Life Timeline

For those born October 12, 1939.

Not your birthday? Find your timeline here.

1938
Before you were born

You're one of the first people who's never lived in a world without Superman.

In March 2016, Carmen Petaccio wrote about the changes in recent history to comic-book heroes, and how they correlate with times of despair in America.

1939
Year 80

You were born in October of 1939. This year, The Atlantic celebrates its 160th birthday, making it 2 times as old as you.

The year you were born, Dr. X wrote about his experiences as a prisoner in a Nazi concentration camp.

1939
Beginnings

Around the time you were born, Adolf Hitler carried out the annexation of western Poland.

In February 1937, Henry C. Wolfe wrote about Hitler's aggressive expansion and how it would affect the nations of Eastern Europe.

1957
Coming of age

Around your 18th birthday, the Soviet Union launched Sputnik I, the first satellite to orbit the Earth.

On October 4, 2010, Alexis Madrigal wrote about the launch of Sputnik and how it sparked the space race.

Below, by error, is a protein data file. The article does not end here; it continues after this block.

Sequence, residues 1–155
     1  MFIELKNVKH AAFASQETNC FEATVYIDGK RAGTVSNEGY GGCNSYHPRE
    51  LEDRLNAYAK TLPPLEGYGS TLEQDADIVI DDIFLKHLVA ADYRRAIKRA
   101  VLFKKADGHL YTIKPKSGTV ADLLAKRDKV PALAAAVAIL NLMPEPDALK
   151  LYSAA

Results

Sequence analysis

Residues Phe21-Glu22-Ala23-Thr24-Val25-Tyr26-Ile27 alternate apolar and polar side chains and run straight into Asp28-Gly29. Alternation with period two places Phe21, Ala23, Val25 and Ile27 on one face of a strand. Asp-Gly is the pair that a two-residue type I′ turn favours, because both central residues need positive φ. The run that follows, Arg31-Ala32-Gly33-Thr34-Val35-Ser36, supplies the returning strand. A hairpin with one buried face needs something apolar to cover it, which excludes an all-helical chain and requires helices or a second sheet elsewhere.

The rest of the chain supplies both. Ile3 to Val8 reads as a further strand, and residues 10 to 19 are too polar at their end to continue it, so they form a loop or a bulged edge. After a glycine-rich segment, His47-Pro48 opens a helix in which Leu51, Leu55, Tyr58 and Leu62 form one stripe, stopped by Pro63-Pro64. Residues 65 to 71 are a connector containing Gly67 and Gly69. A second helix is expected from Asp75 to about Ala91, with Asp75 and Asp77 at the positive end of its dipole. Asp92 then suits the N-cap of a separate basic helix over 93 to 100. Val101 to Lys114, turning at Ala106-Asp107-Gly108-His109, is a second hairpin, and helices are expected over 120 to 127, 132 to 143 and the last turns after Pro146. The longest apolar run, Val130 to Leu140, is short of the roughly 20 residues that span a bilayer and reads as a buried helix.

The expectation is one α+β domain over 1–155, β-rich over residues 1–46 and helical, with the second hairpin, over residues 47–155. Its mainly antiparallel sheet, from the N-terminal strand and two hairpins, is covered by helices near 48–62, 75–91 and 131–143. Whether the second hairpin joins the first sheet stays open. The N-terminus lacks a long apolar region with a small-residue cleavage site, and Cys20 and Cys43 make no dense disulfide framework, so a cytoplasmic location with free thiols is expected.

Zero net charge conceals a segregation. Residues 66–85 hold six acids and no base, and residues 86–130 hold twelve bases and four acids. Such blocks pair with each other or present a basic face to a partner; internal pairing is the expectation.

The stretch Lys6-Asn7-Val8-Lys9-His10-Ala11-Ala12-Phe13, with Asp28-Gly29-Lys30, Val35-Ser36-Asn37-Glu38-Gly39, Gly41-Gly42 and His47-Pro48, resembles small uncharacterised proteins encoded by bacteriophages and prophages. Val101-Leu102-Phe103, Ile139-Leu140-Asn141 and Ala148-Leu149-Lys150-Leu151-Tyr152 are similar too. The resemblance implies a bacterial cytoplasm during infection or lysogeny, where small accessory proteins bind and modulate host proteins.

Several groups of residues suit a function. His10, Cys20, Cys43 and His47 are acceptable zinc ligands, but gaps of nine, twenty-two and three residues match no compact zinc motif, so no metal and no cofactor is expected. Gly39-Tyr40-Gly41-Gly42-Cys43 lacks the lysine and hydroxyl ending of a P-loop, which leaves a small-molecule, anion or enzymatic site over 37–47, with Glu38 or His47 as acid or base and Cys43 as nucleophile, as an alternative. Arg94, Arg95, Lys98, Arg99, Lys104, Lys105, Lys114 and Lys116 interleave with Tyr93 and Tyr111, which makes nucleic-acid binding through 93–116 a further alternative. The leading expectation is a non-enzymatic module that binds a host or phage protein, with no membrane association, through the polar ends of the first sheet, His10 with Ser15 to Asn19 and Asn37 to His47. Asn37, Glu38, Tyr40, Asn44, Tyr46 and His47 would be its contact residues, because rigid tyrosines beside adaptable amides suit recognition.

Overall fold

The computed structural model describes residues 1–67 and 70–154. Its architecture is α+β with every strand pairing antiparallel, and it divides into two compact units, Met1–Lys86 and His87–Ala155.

1969

NASA

Man on the Moon

At 29 years old, you were alive to behold people walking on the moon.

Over the years, the moon landing has come to be lauded as the pinnacle of human achievement, although it was often derided at the time. In 1963, NASA astronauts took to The Atlantic to plead the case for landing on the moon.

1977
Half a life ago

Your life can be divided into two halves: before and after mass-produced personal computers.

In June 2015, David Sims wrote about how Apple and IBM convinced people to buy home computers in the 1970s and '80s.

1981

Kieran Doherty / Reuters

Contemporaries

In 1981, Ian McKellen, who was born the same year as you, won a Tony Award for Best Actor in a Play for his role in Amadeus.

In December 2013, David W. Brown wrote about the Broadway plays No Man's Land and Waiting for Godot. McKellen starred in both opposite his good friend Patrick Stewart.

2007

NASA / JPL-Caltech / Space Science Institute

Across the Universe

When you turned 67, you watched humankind reach the outer solar system.

With NASA's Cassini-Huygens mission in 2005, humans landed a probe in the outer reaches of the solar system for the first time, a moment Ross Andersen called the most glorious mission in the history of planetary science.

Today
History in the making

History is happening all around you, every day.

The Atlantic is here to help you process it, in stories like these: